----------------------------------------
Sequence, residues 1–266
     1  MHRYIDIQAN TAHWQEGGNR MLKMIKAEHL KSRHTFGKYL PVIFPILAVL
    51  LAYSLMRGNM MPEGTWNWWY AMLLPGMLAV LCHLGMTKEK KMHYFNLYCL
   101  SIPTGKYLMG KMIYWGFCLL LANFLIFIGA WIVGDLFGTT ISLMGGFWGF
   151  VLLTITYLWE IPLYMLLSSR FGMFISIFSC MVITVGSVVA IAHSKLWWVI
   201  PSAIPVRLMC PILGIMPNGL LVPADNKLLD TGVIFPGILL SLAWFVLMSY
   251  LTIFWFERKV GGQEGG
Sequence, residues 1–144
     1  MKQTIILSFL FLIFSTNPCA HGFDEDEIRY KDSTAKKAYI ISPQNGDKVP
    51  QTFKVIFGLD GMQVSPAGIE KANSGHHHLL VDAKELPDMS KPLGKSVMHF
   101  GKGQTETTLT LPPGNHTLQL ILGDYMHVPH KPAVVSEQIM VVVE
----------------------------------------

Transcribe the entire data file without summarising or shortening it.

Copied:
Sequence, residues 1–266
     1  MHRYIDIQAN TAHWQEGGNR MLKMIKAEHL KSRHTFGKYL PVIFPILAVL
    51  LAYSLMRGNM MPEGTWNWWY AMLLPGMLAV LCHLGMTKEK KMHYFNLYCL
   101  SIPTGKYLMG KMIYWGFCLL LANFLIFIGA WIVGDLFGTT ISLMGGFWGF
   151  VLLTITYLWE IPLYMLLSSR FGMFISIFSC MVITVGSVVA IAHSKLWWVI
   201  PSAIPVRLMC PILGIMPNGL LVPADNKLLD TGVIFPGILL SLAWFVLMSY
   251  LTIFWFERKV GGQEGG
Sequence, residues 1–144
     1  MKQTIILSFL FLIFSTNPCA HGFDEDEIRY KDSTAKKAYI ISPQNGDKVP
    51  QTFKVIFGLD GMQVSPAGIE KANSGHHHLL VDAKELPDMS KPLGKSVMHF
   101  GKGQTETTLT LPPGNHTLQL ILGDYMHVPH KPAVVSEQIM VVVE